Anyway, I hope this will give you some food for thoughts!
And if you're bored about talking about Amercians, you can also mess up with the Australians!
@ Margaret: glad you dug a little bit further than the bullshit the mainstream media is always spreading.
Is some kind of reform necessary? Maybe. Although the retirement situation in France is less dire than let's say in Germany. Sure, people live longer and longer in France, just like in the rest of rich countries (minus the US?), but France is also one of the rich countries that has the highest fertility rate. Also to finance retirement there are many other ways, the first one being actually trying to fight unemployment, especially unemployment of people younger than 25 or older than 50. But the government doesn't want that, because and it leads us to the second point: to reduce poverty in any way (unemployment, retirement, etc) one simply needs to go get the money where it is, that is among the richest people in the country, those are the government friends, who even control it, and who don't care about the fact that the vast majority of the population is in a more and more difficult situation.
French people are OK with making sacrifices when needed. They're not OK when the people that are the less in trouble not only don't show the example first, but worse, don't have to make any sacrifice, and even benefit from the sacrifices made by the people.
Concerning the fact that some French people are totally over Monarchy yet, it's not my case, but it's true among many people, they like their President to be king-like (and this is what the French President is under the Constitution of the Fifth Republic, an elected king for a few years), but they also want their President to show some regal attributes, restrain, some culture, some distance too. Sarkozy has nothing of those, and he is also despicable in the fact that while all of his predecessors, good or bad, left or right understood that despite all of the power they had they also had the responsibilities that came with it, Sarkozy never cared about the responsibilities nor about the image he's giving of the country to the rest of the world.
@Axel: Thanks for the feedback and healthy criticism. I'd say that yeah, I'm opinionated, and this is a blog, not an sociological academic studies, I believe that blogs need to be subjective to be interesting (I also don't really believe in objectivity, many things that pretend to be are not). Finally, when I express my opinion, it's usually in response to questions asking for it, and I don't think I mislead people into believing it's every French person opinion.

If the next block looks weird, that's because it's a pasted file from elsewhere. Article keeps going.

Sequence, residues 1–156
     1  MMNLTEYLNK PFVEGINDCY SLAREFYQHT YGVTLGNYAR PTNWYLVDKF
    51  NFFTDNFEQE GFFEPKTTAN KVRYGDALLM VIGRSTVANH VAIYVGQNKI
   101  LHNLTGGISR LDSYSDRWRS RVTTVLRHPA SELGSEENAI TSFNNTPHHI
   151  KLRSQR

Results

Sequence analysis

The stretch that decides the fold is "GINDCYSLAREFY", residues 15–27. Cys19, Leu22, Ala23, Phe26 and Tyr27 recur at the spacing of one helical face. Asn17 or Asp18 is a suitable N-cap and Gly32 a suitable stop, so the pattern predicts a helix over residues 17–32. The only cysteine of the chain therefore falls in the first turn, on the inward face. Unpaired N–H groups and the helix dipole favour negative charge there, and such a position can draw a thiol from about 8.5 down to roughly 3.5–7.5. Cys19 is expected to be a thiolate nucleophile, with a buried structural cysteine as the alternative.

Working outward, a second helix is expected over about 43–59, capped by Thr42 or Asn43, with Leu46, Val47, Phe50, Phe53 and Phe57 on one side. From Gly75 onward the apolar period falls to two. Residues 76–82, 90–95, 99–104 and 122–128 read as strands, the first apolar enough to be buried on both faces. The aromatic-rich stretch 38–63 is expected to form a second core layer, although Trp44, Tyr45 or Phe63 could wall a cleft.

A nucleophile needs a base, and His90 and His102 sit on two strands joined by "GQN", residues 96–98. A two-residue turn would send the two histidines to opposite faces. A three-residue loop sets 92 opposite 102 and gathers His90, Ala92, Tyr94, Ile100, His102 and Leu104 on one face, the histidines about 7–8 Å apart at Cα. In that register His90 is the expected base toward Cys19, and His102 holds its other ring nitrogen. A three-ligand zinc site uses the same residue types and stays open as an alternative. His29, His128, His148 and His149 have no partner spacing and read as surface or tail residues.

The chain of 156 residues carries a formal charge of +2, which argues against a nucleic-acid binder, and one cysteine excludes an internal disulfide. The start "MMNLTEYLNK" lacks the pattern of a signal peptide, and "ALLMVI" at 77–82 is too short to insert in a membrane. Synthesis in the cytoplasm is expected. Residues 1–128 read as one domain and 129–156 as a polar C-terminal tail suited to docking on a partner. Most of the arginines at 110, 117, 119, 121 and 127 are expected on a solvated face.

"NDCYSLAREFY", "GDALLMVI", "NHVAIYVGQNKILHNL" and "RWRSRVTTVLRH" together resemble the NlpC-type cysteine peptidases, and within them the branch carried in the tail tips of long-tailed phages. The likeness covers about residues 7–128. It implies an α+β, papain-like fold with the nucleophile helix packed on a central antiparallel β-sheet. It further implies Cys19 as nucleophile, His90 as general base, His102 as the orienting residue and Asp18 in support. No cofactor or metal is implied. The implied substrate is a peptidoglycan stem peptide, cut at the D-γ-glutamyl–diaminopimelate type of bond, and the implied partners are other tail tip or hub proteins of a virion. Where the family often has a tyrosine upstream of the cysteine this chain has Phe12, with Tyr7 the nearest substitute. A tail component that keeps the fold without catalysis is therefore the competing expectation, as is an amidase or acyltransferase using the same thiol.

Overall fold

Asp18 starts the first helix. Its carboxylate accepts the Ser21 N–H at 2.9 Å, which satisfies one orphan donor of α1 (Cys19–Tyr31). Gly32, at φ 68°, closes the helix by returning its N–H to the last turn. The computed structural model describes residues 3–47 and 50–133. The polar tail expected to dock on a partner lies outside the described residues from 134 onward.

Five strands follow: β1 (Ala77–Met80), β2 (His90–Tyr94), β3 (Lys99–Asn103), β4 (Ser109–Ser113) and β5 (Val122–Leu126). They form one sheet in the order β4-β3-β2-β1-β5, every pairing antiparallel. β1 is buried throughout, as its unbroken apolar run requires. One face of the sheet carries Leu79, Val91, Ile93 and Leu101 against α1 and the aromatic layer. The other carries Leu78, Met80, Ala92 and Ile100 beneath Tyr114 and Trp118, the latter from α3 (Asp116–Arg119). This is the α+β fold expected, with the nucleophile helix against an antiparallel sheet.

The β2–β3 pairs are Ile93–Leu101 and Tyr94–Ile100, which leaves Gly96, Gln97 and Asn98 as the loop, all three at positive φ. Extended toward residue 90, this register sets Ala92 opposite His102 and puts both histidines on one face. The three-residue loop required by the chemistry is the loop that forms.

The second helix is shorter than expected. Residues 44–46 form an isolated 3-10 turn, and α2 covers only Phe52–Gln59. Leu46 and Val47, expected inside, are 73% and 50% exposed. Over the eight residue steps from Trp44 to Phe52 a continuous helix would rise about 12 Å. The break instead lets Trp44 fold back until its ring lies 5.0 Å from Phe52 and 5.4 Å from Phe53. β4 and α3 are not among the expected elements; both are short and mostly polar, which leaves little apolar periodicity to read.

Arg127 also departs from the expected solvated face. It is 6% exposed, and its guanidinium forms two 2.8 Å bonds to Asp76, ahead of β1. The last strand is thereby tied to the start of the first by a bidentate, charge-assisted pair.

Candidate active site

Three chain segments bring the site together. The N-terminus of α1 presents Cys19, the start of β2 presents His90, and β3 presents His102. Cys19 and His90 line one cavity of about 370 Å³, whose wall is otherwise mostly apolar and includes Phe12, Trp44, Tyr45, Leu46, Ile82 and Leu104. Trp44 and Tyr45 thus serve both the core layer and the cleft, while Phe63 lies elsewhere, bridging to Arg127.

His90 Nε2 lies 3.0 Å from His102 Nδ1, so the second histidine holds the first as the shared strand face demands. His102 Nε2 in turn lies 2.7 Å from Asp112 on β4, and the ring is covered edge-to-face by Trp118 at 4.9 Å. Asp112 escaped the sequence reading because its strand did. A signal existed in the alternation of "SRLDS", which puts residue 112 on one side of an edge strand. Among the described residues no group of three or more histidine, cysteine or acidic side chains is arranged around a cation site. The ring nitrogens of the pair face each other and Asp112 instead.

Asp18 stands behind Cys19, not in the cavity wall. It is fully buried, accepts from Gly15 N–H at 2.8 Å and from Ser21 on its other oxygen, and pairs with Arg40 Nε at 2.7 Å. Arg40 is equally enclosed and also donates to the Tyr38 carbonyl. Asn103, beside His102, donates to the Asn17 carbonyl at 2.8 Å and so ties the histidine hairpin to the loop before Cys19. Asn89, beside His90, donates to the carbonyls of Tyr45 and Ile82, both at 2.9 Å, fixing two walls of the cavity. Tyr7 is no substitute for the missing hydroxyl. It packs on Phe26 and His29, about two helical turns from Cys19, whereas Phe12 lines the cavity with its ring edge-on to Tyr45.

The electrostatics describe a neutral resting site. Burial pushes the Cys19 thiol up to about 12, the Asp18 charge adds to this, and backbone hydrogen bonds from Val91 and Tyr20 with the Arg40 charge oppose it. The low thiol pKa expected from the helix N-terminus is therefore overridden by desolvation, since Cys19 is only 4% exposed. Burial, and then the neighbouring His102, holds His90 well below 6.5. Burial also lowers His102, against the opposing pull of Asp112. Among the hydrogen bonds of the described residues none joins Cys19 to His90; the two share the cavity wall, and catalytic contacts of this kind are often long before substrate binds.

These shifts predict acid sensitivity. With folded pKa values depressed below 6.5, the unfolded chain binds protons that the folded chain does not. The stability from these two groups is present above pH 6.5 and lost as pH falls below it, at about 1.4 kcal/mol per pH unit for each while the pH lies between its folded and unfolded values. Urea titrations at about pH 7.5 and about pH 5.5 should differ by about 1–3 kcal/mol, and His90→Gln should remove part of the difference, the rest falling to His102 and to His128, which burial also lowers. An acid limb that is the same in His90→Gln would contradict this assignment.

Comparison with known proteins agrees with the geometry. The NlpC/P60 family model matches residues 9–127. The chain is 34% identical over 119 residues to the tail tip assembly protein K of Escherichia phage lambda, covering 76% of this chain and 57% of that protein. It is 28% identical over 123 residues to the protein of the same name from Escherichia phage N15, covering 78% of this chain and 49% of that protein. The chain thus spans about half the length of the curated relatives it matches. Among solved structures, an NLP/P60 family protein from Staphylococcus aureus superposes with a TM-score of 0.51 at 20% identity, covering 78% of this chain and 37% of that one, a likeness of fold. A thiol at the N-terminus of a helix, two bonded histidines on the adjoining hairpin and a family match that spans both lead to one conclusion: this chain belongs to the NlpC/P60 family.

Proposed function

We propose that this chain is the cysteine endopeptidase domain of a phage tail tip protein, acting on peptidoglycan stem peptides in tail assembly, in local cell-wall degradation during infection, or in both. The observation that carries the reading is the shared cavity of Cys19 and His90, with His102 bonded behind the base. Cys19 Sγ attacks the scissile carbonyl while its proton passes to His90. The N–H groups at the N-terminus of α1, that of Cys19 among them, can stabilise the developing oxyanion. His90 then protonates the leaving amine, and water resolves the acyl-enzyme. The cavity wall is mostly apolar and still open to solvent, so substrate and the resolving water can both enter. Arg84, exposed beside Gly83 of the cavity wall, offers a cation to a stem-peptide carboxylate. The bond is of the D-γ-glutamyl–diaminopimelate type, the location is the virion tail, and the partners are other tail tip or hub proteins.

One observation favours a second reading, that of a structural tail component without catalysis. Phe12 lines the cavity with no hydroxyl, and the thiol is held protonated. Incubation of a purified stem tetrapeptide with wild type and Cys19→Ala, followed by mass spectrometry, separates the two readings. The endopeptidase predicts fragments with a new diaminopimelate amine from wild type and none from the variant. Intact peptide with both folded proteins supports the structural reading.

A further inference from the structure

Also, I believe that my opinions the way I express them, while not representative of every French person, are shared with a consequent number. And when I express very outlandish opinions, I make sure (or I least I try) to do so in a way that leaves little doubt about the fact that this is an outlandish opinion (for example when I talk about French women)
And then after he buy a nice plane.
Don't get me started with the plane thing…
Our life expectancy is still pretty long here (in the US). I know the avg life expectancy is lower than other developed/rich countries, but you're only talking about 1-3 years difference. Really, not all that much of a disparity. If I had to guess, I'd say obesity and the way Americans work are the two biggest negative factors.
And yet, David, lots of people voted for Sarkosy, just like in my country lots of people voted for the actual Romanian president who is doing just about everything your sarko is doing, only 10 times worse … Do they feel sorry they elected him ? That would be the real question. Is sarko's electorate sorry for making him king for a few years or is it that, although facing a major discomfort (they have been somehow creating for themselves by chosing him president) they can still "cope' with the guy …
E: the US ranks 38, dead last in the OECD. I'm sure the crap food plays a big part, but I'd say no health-care plays a bigger part.
Rosabell: I don't excuse the millions of fools that voted for him because they got manipulated into doing so since as early as 2002, but on the other hand saying "the guy got elected, so now you have the right to shut up until the next election and that's it" is not the democracy I believe in. If the elected guy doesn't represent fairly the people, the people have every right to revolt and even to take him out of power if needed, that's democracy.
Well fellow OP, I completely agree with you upon this question .
Speaking about non-democracy, it happened that Sarkosy even prevented any debate in the Senate at the end of the adventure ( not that there were any risks to see the Senate suddenly fighting for the people but even a biased debate was too much for this chihuahua Nero).
This extraordinary deny of even the appearance of democracy which is in use in the rest of the western world has come nearly unnoticed . The little doggy could do so because of the Bonapartist constitution de Gaulle established after his coup d'état . Really, France is the only western country where the executive power can short cut the legislative one so easily .
No wonder if, with such arrogant powermen and so fighting-spirited population this country has given birth to several revolutions…
just another example of why I adore you and your blog.
god could I go on and on regarding the ignorami maximi that I have been exposed to on this topic … 100% expat of course.
but how absolutely boring that would be. so I'll just say thanks and keep up the good work. whenever you get around to it. xx
I would ask whether you maintain that an elected leader should govern according to the principles and positions he advocated during his campaign for office or should change them depending on the number of people who are demonstrating on any given day or the results of daily surveys?
You seem to favor the latter notion but doesn’t the French constitution suggest the former?
Your point being?